Amid new clues, fam­i­lies push for U.S. to seek Korean War dead

Austin American-Statesman - - WORLD & NATION - By Charles J. Han­ley

SEOUL, South Korea — Trapped by two Chi­nese di­vi­sions, troops of the 8th U.S. Cavalry Reg­i­ment were left to die in far north­ern Korea, aban­doned by the U.S. com­mand in a Korean War episode viewed as one of the most trou­bling in Amer­i­can mil­i­tary his­tory.

Sixty years later, those fallen sol­diers — the lost bat­tal­ion of Un­san — are stranded anew.

North Korea is of­fer­ing fresh clues to their re­mains. Amer­i­can teams are ready to re-en­ter the north to dig for them. But for five years, the U.S. govern­ment has re­fused to work with North Korea to re­cover the men of Un­san and oth­ers among more than 8,000 U.S. missing in ac­tion from the 1950-53 war.

Now, un­der pres­sure from MIA fam­ily groups, the Obama ad­min­is­tra­tion is said to be mov­ing slowly to re­verse the Bush ad­min­is­tra­tion’s sus­pen­sion of the joint re­cov­ery pro­gram, a step taken in 2005 as the North Korean nu­clear cri­sis dragged on.

“If I had a di­rect line in to the pres­i­dent, I would say, ‘Please re­in­sti­tute this pro­gram. There are fam­i­lies that need clo­sure,’ ” said Ruth Davis, 61, of Pales­tine, whose un­cle, Sgt. 1st Class Benny Don Rogers, has been listed as missing in ac­tion since the Un­san at­tack in Novem­ber 1950.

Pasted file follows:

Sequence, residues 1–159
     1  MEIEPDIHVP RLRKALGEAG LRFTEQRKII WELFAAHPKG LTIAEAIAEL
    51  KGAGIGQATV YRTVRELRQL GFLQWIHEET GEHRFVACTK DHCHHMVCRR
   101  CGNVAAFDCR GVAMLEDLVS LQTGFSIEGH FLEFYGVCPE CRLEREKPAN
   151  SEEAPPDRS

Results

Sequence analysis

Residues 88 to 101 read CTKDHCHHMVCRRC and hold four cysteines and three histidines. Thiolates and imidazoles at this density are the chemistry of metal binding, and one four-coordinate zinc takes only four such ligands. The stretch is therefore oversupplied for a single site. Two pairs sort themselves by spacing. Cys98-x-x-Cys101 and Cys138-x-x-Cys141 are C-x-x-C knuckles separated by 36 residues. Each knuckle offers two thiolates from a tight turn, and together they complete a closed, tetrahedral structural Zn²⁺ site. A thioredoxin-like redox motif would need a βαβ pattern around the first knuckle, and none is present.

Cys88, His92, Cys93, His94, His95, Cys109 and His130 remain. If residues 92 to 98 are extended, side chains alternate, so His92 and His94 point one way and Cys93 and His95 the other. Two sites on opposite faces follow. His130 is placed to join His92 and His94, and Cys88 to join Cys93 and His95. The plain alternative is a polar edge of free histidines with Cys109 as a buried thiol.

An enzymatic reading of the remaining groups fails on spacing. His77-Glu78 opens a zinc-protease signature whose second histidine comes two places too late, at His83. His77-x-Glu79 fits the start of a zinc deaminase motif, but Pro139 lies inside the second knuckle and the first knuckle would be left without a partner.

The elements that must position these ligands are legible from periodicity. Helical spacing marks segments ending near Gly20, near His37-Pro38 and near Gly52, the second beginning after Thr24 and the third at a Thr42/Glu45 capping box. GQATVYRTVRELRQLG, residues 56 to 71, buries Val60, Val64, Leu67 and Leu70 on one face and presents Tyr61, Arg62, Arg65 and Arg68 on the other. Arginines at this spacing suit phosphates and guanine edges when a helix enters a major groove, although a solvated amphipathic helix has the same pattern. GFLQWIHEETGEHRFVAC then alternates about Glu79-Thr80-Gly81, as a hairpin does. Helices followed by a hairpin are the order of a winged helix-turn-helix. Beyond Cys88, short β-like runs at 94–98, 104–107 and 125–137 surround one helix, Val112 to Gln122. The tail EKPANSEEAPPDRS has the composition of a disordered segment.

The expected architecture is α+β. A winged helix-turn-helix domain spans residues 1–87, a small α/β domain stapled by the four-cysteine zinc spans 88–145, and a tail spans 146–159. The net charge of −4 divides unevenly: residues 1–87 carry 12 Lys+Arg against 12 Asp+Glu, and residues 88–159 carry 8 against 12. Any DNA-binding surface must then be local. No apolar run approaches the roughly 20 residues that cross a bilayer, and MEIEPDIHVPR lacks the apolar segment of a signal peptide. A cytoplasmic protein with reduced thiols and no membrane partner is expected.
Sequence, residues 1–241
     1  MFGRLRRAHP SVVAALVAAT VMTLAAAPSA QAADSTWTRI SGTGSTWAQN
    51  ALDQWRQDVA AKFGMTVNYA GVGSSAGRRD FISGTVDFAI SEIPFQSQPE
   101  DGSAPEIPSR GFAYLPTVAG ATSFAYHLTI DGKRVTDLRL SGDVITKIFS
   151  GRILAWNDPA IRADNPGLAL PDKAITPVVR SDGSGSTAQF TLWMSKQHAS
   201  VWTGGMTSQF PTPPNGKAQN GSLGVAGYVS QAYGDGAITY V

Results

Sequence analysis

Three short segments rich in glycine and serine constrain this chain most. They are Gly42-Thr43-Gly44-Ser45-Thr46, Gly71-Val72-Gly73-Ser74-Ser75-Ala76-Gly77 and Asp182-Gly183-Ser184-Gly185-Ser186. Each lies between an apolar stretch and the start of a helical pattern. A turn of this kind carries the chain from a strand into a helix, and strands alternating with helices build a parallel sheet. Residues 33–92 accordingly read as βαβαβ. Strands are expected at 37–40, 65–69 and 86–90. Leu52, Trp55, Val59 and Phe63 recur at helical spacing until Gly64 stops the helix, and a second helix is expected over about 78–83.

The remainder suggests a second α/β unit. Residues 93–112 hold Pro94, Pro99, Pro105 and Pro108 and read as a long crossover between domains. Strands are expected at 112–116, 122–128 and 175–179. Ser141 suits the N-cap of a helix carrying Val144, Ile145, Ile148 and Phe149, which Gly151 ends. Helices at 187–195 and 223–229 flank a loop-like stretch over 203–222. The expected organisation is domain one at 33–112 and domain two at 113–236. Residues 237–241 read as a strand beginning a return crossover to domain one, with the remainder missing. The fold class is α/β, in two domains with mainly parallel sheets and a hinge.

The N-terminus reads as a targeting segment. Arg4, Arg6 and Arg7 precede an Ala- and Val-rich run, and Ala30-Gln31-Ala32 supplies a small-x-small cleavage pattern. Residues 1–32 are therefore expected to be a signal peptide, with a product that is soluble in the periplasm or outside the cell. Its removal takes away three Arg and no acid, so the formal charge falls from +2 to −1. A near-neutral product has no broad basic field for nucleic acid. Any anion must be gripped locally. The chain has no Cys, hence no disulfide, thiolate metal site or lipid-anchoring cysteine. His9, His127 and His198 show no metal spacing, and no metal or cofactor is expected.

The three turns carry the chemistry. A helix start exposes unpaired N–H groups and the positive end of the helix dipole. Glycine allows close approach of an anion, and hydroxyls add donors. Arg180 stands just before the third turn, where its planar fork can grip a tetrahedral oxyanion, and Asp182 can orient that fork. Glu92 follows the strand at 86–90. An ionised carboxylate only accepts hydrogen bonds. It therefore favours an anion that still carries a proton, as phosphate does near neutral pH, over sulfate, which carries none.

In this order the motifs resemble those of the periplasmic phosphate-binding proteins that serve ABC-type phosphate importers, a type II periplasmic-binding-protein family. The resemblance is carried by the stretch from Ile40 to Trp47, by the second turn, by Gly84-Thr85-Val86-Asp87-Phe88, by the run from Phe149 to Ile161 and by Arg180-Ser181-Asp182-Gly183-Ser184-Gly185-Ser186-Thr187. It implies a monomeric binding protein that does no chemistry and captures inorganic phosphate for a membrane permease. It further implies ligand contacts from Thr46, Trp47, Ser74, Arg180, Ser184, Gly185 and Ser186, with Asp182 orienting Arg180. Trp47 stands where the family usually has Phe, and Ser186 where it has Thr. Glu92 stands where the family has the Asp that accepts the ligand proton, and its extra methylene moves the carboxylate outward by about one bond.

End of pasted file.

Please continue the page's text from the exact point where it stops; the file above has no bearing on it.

It was one of Rogers’ I Com­pany com­rades, Pfc. Philip Ack­ley of Hills­boro, N.H., whose iden­ti­fy­ing dog tag ap­peared in a photo that the North Kore­ans handed over at Korea’s Pan­munjom truce vil­lage in Jan­uary of this 60th year since the war started. The North Kore­ans also de­liv­ered pho­tos of re­mains, a stark re­minder that Un­san’s dead still wait to The U.S. re­ceived Pfc. Philip Ack­ley’s Korean War dog tag from the North Kore­ans, who are urg­ing that a search project be re­sumed. come home.

The U.S. “has de­vel­oped the hu­man­i­tar­ian is­sue into a po­lit­i­cal prob­lem,” said a North Korean state­ment urg­ing re­sump­tion of the MIA search project, which earned hard cur­rency for the Py­ongyang govern­ment.

The dev­as­tat­ing losses at Un­san came as China in­ter­vened to fend off a fi­nal North Korean de­feat.

Two of the 8th Cavalry’s three bat­tal­ions man­aged to es­cape, with heavy losses. But only small groups of sol­diers from the five com­pa­nies of the doomed 3rd Bat­tal­ion made it out.

About 600 of the 3rd Bat­tal­ion’s 800 men were lost, about half thought to have been killed and half cap­tured, many of whom died in Chi­ne­serun prison camps.

An es­ti­mated 260 U.S. dead are still un­ac­counted for at Un­san, among nearly 4,600 U.S. MIAs in North Korea, the Pen­tagon says. Sol­diers of the 8th Cavalry Reg­i­ment ad­vance through low brush dur­ing the Korean War. Some were later aban­doned in a trap at Un­san. About 260 are still missing in ac­tion.

Max Desfor

Newspapers in English

Newspapers from USA

© PressReader. All rights reserved.